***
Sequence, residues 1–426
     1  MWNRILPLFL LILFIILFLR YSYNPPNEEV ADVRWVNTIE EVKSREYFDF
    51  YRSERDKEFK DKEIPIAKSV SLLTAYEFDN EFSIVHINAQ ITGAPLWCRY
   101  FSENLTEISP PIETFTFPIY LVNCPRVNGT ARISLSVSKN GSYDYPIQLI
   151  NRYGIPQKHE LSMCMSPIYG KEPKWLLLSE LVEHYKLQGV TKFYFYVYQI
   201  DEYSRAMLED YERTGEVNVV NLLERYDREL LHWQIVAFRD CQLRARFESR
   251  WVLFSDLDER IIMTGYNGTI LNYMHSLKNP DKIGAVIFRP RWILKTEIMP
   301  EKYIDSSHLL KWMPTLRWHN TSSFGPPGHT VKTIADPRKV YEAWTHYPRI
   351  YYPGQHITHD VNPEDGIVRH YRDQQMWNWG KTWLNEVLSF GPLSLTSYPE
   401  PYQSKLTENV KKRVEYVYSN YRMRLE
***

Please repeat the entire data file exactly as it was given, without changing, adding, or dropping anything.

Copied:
Sequence, residues 1–426
     1  MWNRILPLFL LILFIILFLR YSYNPPNEEV ADVRWVNTIE EVKSREYFDF
    51  YRSERDKEFK DKEIPIAKSV SLLTAYEFDN EFSIVHINAQ ITGAPLWCRY
   101  FSENLTEISP PIETFTFPIY LVNCPRVNGT ARISLSVSKN GSYDYPIQLI
   151  NRYGIPQKHE LSMCMSPIYG KEPKWLLLSE LVEHYKLQGV TKFYFYVYQI
   201  DEYSRAMLED YERTGEVNVV NLLERYDREL LHWQIVAFRD CQLRARFESR
   251  WVLFSDLDER IIMTGYNGTI LNYMHSLKNP DKIGAVIFRP RWILKTEIMP
   301  EKYIDSSHLL KWMPTLRWHN TSSFGPPGHT VKTIADPRKV YEAWTHYPRI
   351  YYPGQHITHD VNPEDGIVRH YRDQQMWNWG KTWLNEVLSF GPLSLTSYPE
   401  PYQSKLTENV KKRVEYVYSN YRMRLE